CBS news then broke the story that the United States had three ships in the vicinity observing the naval exercise that Kursk was taking part in, possibly a test of a new ultra-high speed torpedo. Two of the three ships were submarines, later determined to be USS Memphis and USS Toledo, type 688 Los Angeles class fast attack submarines which are often used for covert intelligence gathering.

 

Link

 

Also, if I am not mistaken, Clinton issued some coinage to Russia, something like $10 million or so.

I agree on how torpedos work but I also have seen that documentary. It was done by a Russian news crew or maybe it was an Indie and I've never seen it again. Real damn convincing that WE blew the fuck out of it right down to having a "nurse" come in during the report being given to the families by what looked like an Admiral and druging a mother who wouldn't stop asking questions and then kicking all the news people out of the meeting. It was very spooky to say the very least.

 

 

How is a video clip of a Russian admiral giving a briefing to the Russian families in Russia and a Russian nurse coming in and drugging a babushka evidence of the US torpedoing a Russian boomer in three hundred feet of water off Scandinavia? I am not following your logic path? I think that the key words in your post are "done by a Russian news crew".

That was just one of the examples of the Russians trying to cover it all up. Look I'm not saying it was true or not but it was damn convincing. I think it was actually a documentary on the Discovery Channel if I remember correctly.

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I wanted one of these so bad as a kid. We all did, none of us got one, $8 was serious coin.

 

polarissub.jpg

 

I want to hear from anyone who actually got one of these!! Did they get a side of sea monkeys with it?

 

Sea Monkeys sucked gorilla twat.

 

The sub was where it was at. The fact that so few of us ever actually had one is probably what kept the yacht industry alive as we struggled to right that wrong.

 

http://www.boingboing.net/2007/06/14/photo-of-comic-book-.html

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That was just one of the examples of the Russians trying to cover it all up. Look I'm not saying it was true or not but it was damn convincing. I think it was actually a documentary on the Discovery Channel if I remember correctly.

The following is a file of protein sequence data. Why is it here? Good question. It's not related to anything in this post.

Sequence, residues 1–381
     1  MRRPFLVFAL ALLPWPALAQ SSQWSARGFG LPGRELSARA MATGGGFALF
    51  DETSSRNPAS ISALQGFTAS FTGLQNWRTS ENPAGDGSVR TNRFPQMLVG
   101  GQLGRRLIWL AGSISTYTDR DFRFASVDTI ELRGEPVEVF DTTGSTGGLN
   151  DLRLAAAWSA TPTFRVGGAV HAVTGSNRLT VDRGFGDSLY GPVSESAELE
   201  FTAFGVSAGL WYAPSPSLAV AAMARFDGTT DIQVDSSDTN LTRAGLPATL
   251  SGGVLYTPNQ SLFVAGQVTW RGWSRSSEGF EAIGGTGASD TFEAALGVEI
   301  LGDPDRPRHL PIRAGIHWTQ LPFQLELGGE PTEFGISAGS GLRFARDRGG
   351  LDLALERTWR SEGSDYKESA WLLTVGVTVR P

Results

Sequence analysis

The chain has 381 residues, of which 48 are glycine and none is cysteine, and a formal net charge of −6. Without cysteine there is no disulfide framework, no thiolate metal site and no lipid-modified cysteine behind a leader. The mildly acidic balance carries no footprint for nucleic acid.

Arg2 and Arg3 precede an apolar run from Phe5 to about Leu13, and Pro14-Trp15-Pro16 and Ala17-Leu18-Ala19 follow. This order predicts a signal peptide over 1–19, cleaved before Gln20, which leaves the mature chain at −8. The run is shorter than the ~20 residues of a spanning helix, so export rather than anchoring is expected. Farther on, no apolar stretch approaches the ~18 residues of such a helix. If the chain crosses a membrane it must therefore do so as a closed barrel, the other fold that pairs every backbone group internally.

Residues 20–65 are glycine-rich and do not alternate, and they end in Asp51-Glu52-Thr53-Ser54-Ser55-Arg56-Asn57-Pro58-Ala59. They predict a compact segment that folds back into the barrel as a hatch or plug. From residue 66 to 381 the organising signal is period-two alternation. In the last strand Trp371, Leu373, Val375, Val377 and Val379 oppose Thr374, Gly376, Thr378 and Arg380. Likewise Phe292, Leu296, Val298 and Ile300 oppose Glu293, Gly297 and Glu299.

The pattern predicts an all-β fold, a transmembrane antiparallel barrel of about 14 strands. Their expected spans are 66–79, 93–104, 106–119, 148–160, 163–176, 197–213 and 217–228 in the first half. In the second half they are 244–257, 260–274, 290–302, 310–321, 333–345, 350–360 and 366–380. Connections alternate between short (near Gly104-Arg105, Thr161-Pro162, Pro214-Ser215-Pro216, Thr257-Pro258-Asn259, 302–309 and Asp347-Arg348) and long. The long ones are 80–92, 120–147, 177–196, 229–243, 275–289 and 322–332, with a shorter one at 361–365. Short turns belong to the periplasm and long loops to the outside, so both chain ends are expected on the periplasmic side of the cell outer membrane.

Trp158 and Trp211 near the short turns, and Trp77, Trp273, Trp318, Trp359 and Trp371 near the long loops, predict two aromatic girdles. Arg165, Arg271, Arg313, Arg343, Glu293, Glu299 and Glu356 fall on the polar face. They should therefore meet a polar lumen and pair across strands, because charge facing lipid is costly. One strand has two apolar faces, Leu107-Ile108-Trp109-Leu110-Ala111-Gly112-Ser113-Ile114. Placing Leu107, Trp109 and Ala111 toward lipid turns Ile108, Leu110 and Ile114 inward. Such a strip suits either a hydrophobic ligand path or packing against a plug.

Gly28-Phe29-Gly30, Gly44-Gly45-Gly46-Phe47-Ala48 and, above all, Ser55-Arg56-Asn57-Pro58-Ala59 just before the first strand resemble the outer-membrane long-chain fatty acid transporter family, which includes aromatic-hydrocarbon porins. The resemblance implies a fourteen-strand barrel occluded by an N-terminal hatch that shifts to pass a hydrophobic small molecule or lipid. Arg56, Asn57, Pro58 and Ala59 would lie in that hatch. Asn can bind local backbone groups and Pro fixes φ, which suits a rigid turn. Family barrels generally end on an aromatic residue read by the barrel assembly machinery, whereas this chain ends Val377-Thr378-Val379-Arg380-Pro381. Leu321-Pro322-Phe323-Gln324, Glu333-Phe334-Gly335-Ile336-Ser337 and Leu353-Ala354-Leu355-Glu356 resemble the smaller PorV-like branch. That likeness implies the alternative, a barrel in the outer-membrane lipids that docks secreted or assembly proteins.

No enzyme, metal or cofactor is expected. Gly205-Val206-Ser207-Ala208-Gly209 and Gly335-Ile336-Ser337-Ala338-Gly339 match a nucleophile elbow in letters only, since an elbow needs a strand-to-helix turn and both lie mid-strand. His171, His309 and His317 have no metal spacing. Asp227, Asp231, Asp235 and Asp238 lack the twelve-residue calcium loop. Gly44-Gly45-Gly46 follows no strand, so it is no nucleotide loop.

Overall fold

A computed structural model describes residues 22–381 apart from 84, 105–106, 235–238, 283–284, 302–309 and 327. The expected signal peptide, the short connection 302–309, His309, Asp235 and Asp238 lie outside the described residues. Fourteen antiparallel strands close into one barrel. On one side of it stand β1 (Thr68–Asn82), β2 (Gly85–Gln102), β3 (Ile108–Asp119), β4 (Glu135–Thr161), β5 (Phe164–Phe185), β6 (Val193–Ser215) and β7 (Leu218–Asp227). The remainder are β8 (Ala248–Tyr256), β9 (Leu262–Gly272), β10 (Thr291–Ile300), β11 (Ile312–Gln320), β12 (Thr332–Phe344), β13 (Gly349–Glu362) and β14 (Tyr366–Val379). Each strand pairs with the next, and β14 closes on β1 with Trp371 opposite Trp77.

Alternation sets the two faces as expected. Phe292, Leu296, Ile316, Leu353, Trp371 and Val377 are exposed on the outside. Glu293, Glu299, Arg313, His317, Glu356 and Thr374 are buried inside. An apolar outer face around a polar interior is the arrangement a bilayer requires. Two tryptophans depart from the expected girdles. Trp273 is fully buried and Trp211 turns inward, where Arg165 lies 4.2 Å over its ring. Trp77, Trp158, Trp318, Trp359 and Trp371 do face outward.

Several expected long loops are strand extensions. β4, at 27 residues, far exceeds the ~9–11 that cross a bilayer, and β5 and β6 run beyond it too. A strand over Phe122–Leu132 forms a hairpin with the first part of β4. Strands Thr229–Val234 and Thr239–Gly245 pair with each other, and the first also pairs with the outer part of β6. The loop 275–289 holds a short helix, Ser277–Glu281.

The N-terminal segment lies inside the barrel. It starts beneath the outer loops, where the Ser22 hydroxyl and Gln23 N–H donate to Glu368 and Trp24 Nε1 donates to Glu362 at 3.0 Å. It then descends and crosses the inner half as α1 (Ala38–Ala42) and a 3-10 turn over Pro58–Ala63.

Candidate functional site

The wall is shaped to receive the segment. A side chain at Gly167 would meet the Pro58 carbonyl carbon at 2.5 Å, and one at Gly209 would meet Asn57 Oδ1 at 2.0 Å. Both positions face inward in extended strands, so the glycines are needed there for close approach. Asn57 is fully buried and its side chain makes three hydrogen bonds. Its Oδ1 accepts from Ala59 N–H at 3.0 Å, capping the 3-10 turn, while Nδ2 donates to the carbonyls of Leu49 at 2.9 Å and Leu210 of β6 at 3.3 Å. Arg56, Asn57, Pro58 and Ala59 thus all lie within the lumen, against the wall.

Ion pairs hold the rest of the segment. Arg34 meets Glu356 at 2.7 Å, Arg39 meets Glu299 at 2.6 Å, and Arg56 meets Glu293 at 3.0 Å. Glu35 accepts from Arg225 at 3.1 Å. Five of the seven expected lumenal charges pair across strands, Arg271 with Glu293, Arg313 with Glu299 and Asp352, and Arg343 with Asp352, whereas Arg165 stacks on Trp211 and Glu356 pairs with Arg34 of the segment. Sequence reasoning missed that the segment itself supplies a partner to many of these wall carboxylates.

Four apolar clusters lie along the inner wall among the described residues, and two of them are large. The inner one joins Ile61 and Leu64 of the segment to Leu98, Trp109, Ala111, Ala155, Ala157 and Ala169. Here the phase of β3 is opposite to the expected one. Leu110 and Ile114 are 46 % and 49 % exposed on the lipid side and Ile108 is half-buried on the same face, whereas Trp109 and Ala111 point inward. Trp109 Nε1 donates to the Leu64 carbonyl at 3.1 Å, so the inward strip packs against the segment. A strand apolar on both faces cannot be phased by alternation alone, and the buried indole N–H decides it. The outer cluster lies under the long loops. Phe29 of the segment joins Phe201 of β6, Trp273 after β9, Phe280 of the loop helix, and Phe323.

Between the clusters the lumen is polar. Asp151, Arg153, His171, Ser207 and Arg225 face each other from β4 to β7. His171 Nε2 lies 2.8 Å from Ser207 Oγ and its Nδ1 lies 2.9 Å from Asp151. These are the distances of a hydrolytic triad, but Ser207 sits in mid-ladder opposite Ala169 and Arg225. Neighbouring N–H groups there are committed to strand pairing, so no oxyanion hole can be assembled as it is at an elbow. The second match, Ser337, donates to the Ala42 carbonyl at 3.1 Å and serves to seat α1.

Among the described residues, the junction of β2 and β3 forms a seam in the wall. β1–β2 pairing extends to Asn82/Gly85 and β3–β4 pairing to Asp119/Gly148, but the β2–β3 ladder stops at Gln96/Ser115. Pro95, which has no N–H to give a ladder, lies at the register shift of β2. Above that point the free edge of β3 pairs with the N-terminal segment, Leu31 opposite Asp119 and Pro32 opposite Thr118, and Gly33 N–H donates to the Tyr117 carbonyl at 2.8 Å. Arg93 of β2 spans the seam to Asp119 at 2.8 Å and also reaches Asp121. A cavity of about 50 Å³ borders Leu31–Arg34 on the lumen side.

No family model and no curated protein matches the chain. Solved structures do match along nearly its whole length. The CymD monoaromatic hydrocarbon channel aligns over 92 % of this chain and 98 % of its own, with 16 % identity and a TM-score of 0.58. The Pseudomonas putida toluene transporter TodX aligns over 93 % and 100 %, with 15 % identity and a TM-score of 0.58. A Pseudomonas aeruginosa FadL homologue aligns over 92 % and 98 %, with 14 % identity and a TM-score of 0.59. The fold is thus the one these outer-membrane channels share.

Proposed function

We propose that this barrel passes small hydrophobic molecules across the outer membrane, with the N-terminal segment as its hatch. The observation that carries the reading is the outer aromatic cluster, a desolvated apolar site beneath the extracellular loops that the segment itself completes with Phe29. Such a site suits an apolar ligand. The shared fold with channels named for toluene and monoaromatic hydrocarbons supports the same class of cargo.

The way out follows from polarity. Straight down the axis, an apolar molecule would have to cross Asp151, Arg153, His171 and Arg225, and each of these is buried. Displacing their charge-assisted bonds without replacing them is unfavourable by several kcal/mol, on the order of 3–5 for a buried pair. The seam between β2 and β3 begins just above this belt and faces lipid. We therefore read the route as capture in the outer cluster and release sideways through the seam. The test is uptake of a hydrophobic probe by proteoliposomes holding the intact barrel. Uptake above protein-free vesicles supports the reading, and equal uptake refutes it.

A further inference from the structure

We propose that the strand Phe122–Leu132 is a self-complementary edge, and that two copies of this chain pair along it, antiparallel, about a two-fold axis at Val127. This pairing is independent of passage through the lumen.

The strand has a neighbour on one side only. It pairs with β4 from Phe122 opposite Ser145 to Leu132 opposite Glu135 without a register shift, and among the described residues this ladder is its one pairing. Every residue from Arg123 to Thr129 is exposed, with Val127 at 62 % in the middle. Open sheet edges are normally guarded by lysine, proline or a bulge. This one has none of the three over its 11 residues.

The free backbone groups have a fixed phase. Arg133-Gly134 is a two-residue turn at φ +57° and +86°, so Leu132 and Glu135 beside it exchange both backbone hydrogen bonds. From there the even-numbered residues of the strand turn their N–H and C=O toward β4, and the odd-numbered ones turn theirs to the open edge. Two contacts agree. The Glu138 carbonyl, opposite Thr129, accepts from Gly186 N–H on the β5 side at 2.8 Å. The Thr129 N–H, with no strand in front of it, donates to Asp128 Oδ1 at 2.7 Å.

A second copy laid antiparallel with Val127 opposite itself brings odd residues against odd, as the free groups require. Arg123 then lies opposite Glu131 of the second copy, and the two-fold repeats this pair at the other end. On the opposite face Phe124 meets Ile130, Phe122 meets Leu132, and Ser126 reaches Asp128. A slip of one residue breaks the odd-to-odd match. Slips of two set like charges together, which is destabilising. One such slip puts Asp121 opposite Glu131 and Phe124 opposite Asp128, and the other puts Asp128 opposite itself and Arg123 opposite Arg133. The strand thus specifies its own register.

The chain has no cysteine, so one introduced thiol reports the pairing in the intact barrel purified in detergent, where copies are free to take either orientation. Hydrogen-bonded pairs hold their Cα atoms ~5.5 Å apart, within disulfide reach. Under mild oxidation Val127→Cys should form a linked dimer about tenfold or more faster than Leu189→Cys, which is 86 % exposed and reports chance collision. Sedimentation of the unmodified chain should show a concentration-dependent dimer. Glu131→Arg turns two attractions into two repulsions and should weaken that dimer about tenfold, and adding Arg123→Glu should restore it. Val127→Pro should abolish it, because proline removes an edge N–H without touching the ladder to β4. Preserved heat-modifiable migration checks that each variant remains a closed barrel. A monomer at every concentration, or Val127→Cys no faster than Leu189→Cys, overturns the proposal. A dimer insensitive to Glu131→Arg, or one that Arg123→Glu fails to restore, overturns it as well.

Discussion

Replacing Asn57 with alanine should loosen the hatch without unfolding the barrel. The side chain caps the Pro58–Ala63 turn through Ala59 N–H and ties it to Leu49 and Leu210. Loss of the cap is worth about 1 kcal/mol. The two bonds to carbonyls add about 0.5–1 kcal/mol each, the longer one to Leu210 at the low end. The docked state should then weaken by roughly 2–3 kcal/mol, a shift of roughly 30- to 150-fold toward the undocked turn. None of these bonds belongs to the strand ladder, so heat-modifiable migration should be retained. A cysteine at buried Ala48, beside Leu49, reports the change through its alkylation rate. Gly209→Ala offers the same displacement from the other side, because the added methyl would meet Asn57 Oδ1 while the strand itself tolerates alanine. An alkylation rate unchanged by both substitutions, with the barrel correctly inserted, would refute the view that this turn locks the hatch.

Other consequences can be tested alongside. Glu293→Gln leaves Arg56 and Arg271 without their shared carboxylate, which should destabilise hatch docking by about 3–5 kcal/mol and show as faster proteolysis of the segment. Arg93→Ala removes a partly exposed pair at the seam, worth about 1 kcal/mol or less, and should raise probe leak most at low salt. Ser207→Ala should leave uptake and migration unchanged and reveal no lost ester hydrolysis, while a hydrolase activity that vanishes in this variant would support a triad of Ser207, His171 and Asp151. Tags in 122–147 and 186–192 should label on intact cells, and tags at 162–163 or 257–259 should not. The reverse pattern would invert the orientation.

I am not trying to argue I just don't get the logic behind Russians trying to cover up an attack by the US. Now them blaming the US to cover up their own failures with the volatile peroxide fuel the use in their torps is right in character for them. The other fact they seem to point to is that there was a US sub in the area. It is a pretty well know fact that where ever a Russian boomer is a US attack sub will be in the area it's kind of their mission in life.

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That was just one of the examples of the Russians trying to cover it all up. Look I'm not saying it was true or not but it was damn convincing. I think it was actually a documentary on the Discovery Channel if I remember correctly.

 

I am not trying to argue I just don't get the logic behind Russians trying to cover up an attack by the US. Now them blaming the US to cover up their own failures with the volatile peroxide fuel the use in their torps is right in character for them. The other fact they seem to point to is that there was a US sub in the area. It is a pretty well know fact that where ever a Russian boomer is a US attack sub will be in the area it's kind of their mission in life.

Bingo.

 

If there was a major Russian operation going on and no American sub, then the Ruskies certainly kept a secret. I remember following that story very closely. It was big news then. I do have one question though, Why would an American Sub, that does not want to be detected, fire a torpedo at a Soviet/Russian sub in the first place? Giving the hair triggers of the past that would be grounds for a launch. We may do something silly like collide with the Russian Sub, but certainly would not fire at it. Bad juju

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That was just one of the examples of the Russians trying to cover it all up. Look I'm not saying it was true or not but it was damn convincing. I think it was actually a documentary on the Discovery Channel if I remember correctly.

 

I am not trying to argue I just don't get the logic behind Russians trying to cover up an attack by the US. Now them blaming the US to cover up their own failures with the volatile peroxide fuel the use in their torps is right in character for them. The other fact they seem to point to is that there was a US sub in the area. It is a pretty well know fact that where ever a Russian boomer is a US attack sub will be in the area it's kind of their mission in life.

Bingo.

 

If there was a major Russian operation going on and no American sub, then the Ruskies certainly kept a secret. I remember following that story very closely. It was big news then. I do have one question though, Why would an American Sub, that does not want to be detected, fire a torpedo at a Soviet/Russian sub in the first place? Giving the hair triggers of the past that would be grounds for a launch. We may do something silly like collide with the Russian Sub, but certainly would not fire at it. Bad juju

If I remember correctly it had something to do with selling the high speed torp technology to the Chinese as the were there that day.

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That was just one of the examples of the Russians trying to cover it all up. Look I'm not saying it was true or not but it was damn convincing. I think it was actually a documentary on the Discovery Channel if I remember correctly.